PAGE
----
17. Kiss Me Deadly by Lita Ford from Lita
18. It's A Shame by The Spinners from The Very Best of The Spinners
19. Stoney End by Laura Nyro from More Than A New Discovery
20. Fox On The Run by The Sweet from Desolation Boulevard

Thursday, August 11, 2011

The Apes "Rise" to the occasion

It’s always a bit dangerous to remake or rework a classic movie.  You run the risk of alienating the very audience for whom the film is produced. Just ask Tim Burton, whose “re-imagining” of Planet of the Apes from 2001 is not well-regarded by fans. While the film had impressive special effects, the plot was weak, and the changes made to the original story were not well received.  The current trend is called a “reboot” which updates a film series or character for a new generation ; for example, Batman in 2005’s Batman Begins or James Bond in 2006’s Casino Royale.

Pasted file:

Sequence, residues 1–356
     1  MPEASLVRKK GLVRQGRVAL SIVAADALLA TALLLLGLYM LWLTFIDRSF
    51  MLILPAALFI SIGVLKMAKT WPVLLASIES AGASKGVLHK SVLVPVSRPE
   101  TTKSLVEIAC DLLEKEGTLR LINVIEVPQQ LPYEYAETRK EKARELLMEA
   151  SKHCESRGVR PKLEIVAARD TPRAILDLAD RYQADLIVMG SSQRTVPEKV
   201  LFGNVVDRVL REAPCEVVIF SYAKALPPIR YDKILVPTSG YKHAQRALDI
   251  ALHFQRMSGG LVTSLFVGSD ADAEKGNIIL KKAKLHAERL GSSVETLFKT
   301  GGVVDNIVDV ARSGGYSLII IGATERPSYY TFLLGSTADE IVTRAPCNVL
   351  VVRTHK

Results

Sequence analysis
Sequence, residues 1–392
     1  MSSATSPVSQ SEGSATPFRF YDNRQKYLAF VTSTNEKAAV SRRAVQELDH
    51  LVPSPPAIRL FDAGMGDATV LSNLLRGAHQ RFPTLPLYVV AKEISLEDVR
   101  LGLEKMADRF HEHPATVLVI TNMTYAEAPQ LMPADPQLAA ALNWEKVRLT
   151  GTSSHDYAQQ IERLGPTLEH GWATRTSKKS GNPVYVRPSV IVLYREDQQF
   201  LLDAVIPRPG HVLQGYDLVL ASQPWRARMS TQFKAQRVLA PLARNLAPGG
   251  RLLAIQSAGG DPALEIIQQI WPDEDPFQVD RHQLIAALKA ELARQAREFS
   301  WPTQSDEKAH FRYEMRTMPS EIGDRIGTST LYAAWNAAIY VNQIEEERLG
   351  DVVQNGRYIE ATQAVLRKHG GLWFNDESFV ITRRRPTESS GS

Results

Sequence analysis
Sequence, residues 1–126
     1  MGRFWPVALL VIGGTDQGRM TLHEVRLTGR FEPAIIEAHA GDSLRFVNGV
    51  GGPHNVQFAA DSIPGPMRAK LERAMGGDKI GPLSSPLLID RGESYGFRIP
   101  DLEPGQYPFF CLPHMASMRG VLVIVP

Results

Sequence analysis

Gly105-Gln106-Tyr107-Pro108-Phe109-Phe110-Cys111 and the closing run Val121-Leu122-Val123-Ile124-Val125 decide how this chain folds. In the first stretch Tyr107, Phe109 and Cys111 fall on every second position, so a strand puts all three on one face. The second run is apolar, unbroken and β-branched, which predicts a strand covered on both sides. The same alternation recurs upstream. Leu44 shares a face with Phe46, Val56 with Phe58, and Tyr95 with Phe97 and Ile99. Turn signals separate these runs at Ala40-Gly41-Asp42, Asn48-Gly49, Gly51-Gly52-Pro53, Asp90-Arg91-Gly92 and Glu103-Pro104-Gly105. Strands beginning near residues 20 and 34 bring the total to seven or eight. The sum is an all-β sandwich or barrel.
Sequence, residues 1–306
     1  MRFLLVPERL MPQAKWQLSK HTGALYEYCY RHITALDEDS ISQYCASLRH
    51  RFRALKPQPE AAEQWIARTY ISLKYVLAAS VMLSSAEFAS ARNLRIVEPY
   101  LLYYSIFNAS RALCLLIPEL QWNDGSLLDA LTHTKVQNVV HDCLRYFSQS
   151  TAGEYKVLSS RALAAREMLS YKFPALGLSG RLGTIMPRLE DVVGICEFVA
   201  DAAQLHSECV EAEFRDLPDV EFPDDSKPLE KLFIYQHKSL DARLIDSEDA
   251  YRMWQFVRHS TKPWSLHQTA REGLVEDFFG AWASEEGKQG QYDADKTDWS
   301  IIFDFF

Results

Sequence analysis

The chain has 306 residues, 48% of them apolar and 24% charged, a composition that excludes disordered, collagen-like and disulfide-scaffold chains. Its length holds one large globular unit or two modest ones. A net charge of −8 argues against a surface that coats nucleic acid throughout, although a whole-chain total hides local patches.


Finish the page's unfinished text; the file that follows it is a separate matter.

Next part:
In Rise of the Planet of the Apes, scientist Will Rodman (James Franco) is working on a cure for Alzheimer’s, and testing his serum on chimpanzees.  One of his test subjects goes on a rampage, because she believes her baby is in danger.  The mother is killed, and Will takes home the baby, and raises him. Will’s father, Charles (John Lithgow), an Alzheimer’s sufferer, befriends the chimp, and they name him Caesar. Will secretly gives his father the serum, and he begins to improve. Meanwhile, Caesar shows signs of heightened intelligence; his mother has passed on the serum’s improvements genetically.